If you were to judge solely by the numbers, Frank “Muddy” Waters would not be considered a very good Division I college football coach.

A head coach of stellar success between 1954 and 1973 at Hillsdale College, a small, private Michigan institution whose team he once coached to 34 consecutive wins, Waters was once named the National Association of Intercollegiate Athletics' Coach of the Year. Later he went on to be named the first coach of the Division II Saginaw Valley State University football team, where he won 25 games in five years, despite the trials of establishing an entirely new program. Eventually, that achievement, along with his extraordinary 138-47 win-loss record at Hillsdale earned him the prestigious head coaching position at his alma mater, Michigan State University.

At MSU, however, the numbers by which all coaches are judged quickly began to turn on the man who had been able to make gold out of any team at every other level in which he had coached. Hired to clean up the program after it was hit with NCAA probation for rules violations, the coach who had come to his alma mater as a hero lasted just three seasons with the Green and White before being fired for an overall record of 10 wins and 23 losses. In football-crazed Spartan Country, that wasn't acceptable, and the legendary Muddy Waters left Michigan State known as a hiring mistake, a failure, and a coaching disgrace in the eyes of the MSU fans obsessed with wins and nothing more.

Now, there is a whole other debate over the disproportionate focus on winning in today's world of sports in that story, but, this is no sports column. No, this is a column about much more important things like honesty, morality, and integrity, all of which Frank “Muddy” Waters possessed an abundance of.

Those are the exceptionally rare traits that shined though brightly near the end of Muddy's short career at MSU, when the writing of his future firing was on the wall and he gave the Detroit News the following statement for an article about his quickly fading coaching career: “I realize this is big-time football and sometimes I'm referred to as a 'Pollyanna,'” Waters said, “but there are ideals and principles I can't compromise. And if I have to compromise them, I'll get into another profession.”

And, those simple words are the reason behind this entire column. He had reached the pinnacle of his profession, and yet Muddy was willing to give it all up in favor of maintaining the values and principals he had founded his life upon. What courage, what character, and what a lesson this world needs so badly to learn from today.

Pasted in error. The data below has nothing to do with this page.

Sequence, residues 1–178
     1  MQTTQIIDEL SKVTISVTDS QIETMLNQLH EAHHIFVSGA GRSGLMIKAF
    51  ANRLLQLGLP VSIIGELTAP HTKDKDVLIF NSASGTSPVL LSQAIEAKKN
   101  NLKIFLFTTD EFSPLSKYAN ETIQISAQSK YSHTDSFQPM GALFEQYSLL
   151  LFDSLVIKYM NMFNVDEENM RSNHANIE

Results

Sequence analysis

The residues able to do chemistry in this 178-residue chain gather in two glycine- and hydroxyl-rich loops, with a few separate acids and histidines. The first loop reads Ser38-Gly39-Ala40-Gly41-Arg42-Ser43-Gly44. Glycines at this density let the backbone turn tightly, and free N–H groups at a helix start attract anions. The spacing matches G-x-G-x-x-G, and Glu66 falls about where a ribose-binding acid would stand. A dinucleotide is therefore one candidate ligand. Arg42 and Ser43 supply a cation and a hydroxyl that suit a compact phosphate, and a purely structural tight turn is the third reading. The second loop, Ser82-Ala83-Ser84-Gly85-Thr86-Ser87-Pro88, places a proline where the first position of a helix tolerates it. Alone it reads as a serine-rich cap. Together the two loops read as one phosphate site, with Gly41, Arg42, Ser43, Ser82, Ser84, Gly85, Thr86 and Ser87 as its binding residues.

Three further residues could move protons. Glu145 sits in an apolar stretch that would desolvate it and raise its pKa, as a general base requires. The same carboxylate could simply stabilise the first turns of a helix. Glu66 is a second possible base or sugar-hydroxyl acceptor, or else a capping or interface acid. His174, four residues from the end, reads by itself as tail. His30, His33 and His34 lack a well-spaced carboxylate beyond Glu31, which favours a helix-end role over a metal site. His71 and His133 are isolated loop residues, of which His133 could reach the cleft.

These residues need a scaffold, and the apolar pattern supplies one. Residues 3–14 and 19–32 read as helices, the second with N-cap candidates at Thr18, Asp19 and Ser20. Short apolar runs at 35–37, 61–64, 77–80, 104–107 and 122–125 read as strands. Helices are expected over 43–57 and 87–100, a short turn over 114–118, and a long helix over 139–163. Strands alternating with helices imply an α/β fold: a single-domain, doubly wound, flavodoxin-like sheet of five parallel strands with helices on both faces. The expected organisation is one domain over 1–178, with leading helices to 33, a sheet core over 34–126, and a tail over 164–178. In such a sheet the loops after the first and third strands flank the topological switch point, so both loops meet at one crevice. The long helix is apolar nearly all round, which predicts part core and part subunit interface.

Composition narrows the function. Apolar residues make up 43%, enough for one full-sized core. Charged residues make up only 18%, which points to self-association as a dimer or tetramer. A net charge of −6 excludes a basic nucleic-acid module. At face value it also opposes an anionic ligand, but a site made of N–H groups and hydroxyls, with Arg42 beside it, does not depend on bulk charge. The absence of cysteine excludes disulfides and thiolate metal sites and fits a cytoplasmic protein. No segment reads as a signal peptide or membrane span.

Can you imagine someone in a position of power or fame making such an honorable statement as Muddy made during his MSU tenure these days? Instead, our politicians are stealing, our athletes are cheating and our celebrities are lying, all in the name of such evil motivators as money, pride and greed. If morals and principals do exist, they are shattered along the way to the top, and considered just an insignificant sacrifice in the race to acquire the fool's gold by which our worldly success is measured today.

But, is worldly success really the objective we should spend our days striving to reach? Muddy didn't think so, and I don't either. Because, in the end, worldly success and all of its perks don't add up to anything if you can't hold your head high with the knowledge that you have lived a life based upon principal and truth. After all, of what worth are accomplishments if they haven't been gained honestly, and what good is success if you know in your heart it isn't real?

Muddy Waters was fired just before the final game of his third season at Michigan State. That made it a rare sight to see when, at the conclusion of that 24-18 loss to the University of Iowa, MSU players and fans carried their beloved head coach off the field. It was a fitting end to the career of a man with the wisdom to judge success by so much more than numbers. Many years later, in 2000, Muddy was inducted into the College Football Hall of Fame's small college division for the coaching prowess he showed during his tenure at Hillsdale, where the football field bears his name to this day.

You see, Muddy proved to all of us that, in the end, nice guys don't really finish last. Throughout a career defined by integrity, principle and morality, he showed that there are still things in this world far more important than material goods and tangible success.

And now, as I reflect on his life story, I have come to believe that we should all live our lives with one Muddy-inspired question in mind: Who will carry us off the field when that final buzzer rings?

Thanks to Muddy, I am going to begin thinking a lot more about that and a lot less about the trivial matters of life.

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